Forum for Science, Industry and Business

Sponsored by:     3M 
Search our Site:

 

Researchers Create New Method for Uncovering Natural Products from Mystery 'Orphan Genes'

29.01.2007
Approach leads to identification of compound with potential benefits in agriculture through crop protection

Microorganisms have a proven track record for producing powerful molecules useful in antibiotics, as anticancer agents and in treating human diseases.At times, researchers studying the genomes of these microorganisms have come across sections of DNA for which scientists cannot determine what is ultimately produced. It's not clear what might be created from these so-called "orphan gene clusters" and if those end products might carry beneficial qualities.

Scientists at Scripps Institution of Oceanography at UC San Diego have devised a new method for identifying the mysterious products of orphan gene clusters.

"In this new age of genomics, microorganisms have even more capacity to make exotic natural product molecules than we ever realized," said William Gerwick, a professor in Scripps Oceanography's Center for Marine Biotechnology and Biomedicine and the Skaggs School of Pharmacy and Pharmaceutical Sciences at UC San Diego. "However, sometimes we don't know how to find these products. We can see them in the genomic information but we can't necessarily find the resulting organic substances."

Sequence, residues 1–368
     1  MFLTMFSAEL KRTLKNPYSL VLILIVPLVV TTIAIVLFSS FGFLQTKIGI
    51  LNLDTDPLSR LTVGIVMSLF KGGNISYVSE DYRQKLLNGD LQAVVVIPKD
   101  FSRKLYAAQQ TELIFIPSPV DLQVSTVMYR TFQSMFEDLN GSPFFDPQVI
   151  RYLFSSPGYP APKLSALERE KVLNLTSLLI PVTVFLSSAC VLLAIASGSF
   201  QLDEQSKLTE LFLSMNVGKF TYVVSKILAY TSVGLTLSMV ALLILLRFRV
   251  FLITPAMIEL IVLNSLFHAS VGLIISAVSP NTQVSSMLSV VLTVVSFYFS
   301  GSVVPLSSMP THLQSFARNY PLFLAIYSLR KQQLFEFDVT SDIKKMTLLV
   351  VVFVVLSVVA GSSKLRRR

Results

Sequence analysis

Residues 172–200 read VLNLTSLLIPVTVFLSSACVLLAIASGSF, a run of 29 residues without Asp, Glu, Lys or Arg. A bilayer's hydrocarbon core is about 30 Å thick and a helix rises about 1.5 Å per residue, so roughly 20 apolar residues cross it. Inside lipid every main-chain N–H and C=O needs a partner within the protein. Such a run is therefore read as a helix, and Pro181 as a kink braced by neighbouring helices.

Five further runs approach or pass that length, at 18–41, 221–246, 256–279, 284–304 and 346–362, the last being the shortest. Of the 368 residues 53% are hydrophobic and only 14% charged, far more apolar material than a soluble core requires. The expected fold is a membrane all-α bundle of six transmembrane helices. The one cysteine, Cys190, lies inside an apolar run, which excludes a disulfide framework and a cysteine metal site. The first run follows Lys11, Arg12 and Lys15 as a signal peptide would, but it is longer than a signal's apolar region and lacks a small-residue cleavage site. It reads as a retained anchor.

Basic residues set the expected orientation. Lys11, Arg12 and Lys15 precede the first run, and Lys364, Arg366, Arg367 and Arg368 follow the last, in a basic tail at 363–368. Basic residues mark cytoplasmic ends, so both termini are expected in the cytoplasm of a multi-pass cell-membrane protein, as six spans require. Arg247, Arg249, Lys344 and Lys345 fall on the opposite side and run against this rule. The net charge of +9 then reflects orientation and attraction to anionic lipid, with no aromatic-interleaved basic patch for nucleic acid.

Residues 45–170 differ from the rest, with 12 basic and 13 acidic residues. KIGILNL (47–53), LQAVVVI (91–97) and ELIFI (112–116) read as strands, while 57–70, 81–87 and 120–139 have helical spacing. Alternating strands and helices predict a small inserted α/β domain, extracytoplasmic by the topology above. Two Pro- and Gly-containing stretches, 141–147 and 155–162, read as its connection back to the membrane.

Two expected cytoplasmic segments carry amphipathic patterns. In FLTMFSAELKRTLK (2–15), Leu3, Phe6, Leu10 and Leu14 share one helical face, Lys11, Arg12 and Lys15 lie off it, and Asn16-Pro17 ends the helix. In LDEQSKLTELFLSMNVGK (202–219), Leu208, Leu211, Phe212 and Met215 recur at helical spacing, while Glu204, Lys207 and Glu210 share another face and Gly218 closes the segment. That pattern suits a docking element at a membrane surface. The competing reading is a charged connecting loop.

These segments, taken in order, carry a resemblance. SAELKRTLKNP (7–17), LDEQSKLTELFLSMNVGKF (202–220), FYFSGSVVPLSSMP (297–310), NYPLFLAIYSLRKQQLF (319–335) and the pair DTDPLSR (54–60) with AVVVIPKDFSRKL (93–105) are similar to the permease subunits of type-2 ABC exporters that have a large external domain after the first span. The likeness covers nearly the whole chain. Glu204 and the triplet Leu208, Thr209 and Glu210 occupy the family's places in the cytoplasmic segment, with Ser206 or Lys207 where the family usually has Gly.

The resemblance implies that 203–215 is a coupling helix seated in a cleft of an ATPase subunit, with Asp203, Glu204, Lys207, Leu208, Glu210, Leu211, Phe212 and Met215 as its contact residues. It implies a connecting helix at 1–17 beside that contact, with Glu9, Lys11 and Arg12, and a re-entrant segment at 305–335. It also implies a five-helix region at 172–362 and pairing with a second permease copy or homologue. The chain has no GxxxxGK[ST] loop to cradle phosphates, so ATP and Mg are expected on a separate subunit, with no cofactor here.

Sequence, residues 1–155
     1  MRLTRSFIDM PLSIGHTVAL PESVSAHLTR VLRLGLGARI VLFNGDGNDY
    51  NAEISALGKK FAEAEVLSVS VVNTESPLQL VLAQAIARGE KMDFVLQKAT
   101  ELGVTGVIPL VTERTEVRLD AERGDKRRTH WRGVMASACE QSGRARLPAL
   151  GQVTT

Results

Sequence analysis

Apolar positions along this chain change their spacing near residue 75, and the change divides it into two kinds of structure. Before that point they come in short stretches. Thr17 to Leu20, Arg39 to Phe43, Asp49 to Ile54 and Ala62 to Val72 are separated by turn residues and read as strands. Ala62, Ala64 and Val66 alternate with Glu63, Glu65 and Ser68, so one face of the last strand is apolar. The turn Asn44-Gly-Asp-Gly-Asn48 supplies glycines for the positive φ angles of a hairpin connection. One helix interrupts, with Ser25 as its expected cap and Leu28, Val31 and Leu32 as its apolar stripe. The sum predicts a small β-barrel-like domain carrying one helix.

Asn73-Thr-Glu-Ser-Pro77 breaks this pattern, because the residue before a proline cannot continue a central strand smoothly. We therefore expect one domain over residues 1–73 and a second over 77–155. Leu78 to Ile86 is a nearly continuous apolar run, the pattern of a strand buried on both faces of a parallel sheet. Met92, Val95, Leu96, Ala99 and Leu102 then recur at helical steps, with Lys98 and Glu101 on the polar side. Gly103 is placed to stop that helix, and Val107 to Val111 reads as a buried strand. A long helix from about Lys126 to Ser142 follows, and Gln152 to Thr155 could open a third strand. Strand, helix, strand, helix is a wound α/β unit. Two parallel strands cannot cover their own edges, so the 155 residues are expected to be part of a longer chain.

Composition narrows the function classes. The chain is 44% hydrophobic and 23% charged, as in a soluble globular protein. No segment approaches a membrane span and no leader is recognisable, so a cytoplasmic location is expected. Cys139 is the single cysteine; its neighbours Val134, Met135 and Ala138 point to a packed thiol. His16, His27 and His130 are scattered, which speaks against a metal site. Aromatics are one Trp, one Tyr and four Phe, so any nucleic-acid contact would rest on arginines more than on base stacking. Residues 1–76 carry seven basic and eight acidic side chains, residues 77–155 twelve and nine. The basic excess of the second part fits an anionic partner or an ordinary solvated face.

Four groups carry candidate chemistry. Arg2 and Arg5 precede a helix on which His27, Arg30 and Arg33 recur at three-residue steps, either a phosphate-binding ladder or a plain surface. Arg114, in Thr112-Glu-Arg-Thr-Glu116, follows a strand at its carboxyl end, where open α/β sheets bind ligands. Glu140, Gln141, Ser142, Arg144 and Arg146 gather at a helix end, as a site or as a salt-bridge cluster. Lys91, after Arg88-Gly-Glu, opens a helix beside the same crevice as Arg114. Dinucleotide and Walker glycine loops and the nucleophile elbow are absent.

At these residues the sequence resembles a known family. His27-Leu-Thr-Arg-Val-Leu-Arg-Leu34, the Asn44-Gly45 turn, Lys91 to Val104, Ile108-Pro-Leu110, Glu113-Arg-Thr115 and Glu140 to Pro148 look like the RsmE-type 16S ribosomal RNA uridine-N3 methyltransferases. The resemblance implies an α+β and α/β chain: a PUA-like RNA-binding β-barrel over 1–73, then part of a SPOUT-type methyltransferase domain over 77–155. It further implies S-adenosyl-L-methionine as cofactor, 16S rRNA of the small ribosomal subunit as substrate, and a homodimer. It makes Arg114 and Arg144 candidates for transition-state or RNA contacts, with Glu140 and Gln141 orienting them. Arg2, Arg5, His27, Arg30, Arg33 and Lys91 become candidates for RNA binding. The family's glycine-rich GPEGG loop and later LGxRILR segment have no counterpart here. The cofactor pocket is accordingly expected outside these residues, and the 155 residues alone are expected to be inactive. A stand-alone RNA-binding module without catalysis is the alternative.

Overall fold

The method developed by Gerwick and his colleagues employs a novel combination of genomic sequence analysis and isotope labeling. The new "genomisotopic approach" is described in the new issue of Chemistry & Biology as the journal's featured cover paper.

Gerwick says the key to the genomisotopic approach lies in the combined power of bioinformatics—computer programming to predict the proteins as well as the component building blocks they will use to make the new mystery product—with the ability to provide building blocks containing distinctive isotope labels to cultures producing the mystery compound. The microorganism assimilates the isotope-tagged precursors, incorporates them into the mystery compound, thus enabling the researchers to "find" the mystery compound simply by looking for the isotope signature. According to the paper, the approach represents a valuable complement to existing genome "mining" strategies.

"This technique allows us to methodically and with a very well-defined strategy figure out and isolate the compounds that are produced from those orphan gene clusters," said Gerwick. "With the genomisotopic approach we're mapping out a metabolic process. We're watching the incorporation of the amino acid into a more complex natural products structure and visualizing it at the end by a combination of mass spectrometry and nuclear magnetic resonance spectroscopy."

The genomisotopic approach was born out of a failed experiment in Gerwick's laboratory. A student had attempted to clone the biosynthetic gene cluster for a certain compound. The student sequenced a stretch of DNA that initially appeared promising as the correct gene cluster, but ultimately proved not to be.